Foreign aid, loans and Bangladesh’s development
Dr. Muhammad Abdul Mazid, Former Chairman, National Board of Revenue : Immediately after independence, Bangladesh repaired a devastated economy, developed infrastructure and implemented various reforms to drive the wheel of the major sectors using foreign aid and loans. It is undeniable that sector-based needs and utilities were assessed while accepting this aid. But now, one of the significant expenses of Bangladesh’s revenue budget is the growing burden of repaying these foreign loans with interest.
The payment of foreign liability is increasing gradually, which will further increase for those currently engaged in lending the suppliers credit. If foreign earnings do not increase, this burden will reach a critical point. Aid-receiving nations usually do not face such problems if the foreign aid is utilized efficiently and timely. Loans and aid are expected to meet domestic expenses with limited resources. If that does not happen, problems will arise, making it very difficult to repay loans. Many sub-Saharan nations and corrupt economies faced such a crisis. However, the rising industrialist nations of Southeast Asia avoided a similar fate. The role that foreign aid played in Bangladesh’s development can be clearly understood when analyzing the reasons behind such successes and failures.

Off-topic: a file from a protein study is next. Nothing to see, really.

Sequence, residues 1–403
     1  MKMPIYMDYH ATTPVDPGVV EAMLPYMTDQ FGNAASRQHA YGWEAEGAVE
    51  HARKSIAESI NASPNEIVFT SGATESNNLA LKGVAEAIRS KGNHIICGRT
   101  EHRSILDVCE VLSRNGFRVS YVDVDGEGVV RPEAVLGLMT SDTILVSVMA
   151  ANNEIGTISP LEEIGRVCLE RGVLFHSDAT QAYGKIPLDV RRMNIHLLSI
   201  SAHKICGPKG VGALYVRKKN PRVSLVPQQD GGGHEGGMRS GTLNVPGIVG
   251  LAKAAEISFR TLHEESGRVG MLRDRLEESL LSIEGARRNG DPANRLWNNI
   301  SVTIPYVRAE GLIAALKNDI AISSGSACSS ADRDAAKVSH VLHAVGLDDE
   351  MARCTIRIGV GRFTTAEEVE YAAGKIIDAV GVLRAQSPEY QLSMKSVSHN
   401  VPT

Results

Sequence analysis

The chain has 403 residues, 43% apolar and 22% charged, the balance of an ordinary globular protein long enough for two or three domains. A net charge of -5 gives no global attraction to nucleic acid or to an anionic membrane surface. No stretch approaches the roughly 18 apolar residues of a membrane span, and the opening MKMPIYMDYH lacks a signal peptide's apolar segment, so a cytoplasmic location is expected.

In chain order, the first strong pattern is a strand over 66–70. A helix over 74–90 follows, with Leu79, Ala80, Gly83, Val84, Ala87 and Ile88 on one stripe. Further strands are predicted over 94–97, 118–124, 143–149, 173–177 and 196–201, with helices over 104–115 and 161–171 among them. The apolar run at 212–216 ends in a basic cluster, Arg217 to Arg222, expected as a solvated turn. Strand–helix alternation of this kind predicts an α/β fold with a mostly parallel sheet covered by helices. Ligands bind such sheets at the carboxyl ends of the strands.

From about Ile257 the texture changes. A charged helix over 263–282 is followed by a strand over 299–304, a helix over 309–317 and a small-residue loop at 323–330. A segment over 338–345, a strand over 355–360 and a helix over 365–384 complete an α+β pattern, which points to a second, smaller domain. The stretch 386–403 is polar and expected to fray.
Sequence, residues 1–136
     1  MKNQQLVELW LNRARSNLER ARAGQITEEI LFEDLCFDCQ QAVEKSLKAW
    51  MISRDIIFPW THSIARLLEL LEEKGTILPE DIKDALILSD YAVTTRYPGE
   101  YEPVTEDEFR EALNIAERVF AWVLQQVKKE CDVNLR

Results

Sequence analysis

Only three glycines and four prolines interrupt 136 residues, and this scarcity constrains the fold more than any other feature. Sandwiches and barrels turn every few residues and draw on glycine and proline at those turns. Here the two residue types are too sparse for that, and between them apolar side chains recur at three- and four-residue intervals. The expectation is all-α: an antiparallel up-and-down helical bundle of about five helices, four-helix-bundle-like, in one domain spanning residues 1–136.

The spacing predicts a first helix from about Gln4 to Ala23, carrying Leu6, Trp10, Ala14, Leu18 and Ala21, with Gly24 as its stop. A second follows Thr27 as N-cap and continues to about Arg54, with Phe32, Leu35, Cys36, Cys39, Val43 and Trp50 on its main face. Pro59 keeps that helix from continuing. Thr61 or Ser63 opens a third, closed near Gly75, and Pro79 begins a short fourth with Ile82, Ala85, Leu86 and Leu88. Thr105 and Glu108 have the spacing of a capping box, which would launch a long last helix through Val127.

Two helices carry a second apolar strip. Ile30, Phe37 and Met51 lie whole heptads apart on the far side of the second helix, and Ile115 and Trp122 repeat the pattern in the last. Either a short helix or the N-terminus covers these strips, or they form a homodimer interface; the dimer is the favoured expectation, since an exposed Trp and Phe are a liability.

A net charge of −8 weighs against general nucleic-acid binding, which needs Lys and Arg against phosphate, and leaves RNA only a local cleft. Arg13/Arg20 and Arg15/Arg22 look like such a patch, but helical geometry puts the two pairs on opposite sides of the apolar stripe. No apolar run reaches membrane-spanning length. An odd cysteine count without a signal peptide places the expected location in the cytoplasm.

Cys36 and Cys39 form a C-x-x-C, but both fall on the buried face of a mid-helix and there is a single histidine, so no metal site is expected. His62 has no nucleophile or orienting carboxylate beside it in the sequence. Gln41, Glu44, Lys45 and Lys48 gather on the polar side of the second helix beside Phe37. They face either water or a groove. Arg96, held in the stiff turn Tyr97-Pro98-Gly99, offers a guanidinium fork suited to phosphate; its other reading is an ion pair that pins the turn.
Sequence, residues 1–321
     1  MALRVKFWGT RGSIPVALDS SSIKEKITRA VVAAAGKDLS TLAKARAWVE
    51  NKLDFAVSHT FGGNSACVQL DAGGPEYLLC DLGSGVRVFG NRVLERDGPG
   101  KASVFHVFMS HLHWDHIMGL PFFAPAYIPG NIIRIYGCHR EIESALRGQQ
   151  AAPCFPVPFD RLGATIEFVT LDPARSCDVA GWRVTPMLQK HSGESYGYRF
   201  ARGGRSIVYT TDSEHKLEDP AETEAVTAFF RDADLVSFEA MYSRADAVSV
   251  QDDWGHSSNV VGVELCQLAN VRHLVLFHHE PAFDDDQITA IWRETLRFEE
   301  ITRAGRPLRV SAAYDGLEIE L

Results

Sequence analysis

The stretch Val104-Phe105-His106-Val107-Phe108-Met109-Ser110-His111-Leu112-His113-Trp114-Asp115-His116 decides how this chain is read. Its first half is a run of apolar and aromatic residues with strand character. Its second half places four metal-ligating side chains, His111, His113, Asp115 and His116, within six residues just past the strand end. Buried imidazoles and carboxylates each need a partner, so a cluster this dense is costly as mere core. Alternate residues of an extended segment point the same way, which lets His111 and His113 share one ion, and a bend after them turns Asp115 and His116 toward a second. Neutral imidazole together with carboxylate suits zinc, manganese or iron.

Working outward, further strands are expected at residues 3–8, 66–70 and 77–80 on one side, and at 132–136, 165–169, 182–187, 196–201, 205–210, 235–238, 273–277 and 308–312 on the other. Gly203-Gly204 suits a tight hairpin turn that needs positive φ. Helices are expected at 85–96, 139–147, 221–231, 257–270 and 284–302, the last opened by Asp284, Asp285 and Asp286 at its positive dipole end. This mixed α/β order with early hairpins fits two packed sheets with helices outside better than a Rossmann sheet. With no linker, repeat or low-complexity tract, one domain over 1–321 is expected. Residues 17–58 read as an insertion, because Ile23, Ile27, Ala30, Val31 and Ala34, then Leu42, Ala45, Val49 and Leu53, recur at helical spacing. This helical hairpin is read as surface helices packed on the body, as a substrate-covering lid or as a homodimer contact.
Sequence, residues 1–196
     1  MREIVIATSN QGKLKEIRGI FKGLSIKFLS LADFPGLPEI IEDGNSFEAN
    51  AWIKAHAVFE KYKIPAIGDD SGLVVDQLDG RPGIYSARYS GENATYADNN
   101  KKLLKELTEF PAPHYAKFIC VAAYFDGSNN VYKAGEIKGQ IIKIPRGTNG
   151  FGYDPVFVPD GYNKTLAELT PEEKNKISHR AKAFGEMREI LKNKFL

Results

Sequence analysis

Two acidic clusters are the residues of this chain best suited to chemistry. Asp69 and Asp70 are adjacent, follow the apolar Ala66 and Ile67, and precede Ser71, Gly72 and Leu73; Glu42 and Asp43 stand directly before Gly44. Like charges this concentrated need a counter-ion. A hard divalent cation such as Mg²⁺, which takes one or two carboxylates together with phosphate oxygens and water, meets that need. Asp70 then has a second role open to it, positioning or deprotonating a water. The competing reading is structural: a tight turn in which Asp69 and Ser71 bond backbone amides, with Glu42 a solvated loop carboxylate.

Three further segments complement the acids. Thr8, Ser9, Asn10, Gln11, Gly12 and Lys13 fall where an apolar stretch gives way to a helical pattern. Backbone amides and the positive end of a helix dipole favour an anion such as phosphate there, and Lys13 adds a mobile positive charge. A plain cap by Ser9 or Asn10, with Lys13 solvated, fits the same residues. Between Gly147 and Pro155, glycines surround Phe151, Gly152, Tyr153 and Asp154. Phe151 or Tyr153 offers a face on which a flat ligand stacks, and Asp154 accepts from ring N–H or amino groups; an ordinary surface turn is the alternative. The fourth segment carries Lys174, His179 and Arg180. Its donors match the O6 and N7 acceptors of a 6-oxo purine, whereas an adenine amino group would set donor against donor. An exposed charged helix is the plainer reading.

No nation can be continuously dependant on foreign aid; it is better to develop in a limited timeframe, because the same amount of relief cannot be guaranteed every time – global politics and economies are in constant flux.
A developing nation has to recognize which sector is receiving what amount of aid, determining the reason and time limit and where it will be used. Until June 2017, 24.28% funds were used in the energy and electricity sectors, while 24.78% in transportation and communication (road, bridges, railway, etc) sectors, 12.47% in water and agricultural sectors. The amount used in health, education and other social sectors totalled around 15.77%. Thus we have to assess whether the energy and electricity sectors are successful in efficiently utilizing such a vast fund.
There is a prevalent trend where the role that foreign aid plays in the development of some economies is often touted in propaganda. Furthermore, donor countries and organizations, in the pretense of foreign consultation, domesticate and make the receiver economies dependant on them. And because the burden of these loans have to be borne by three generations down the line, there should be debates in the media and even in the parliament regarding public awareness over the issue. That is how the people’s opinion can be identified.
Translated by Abrar Hussain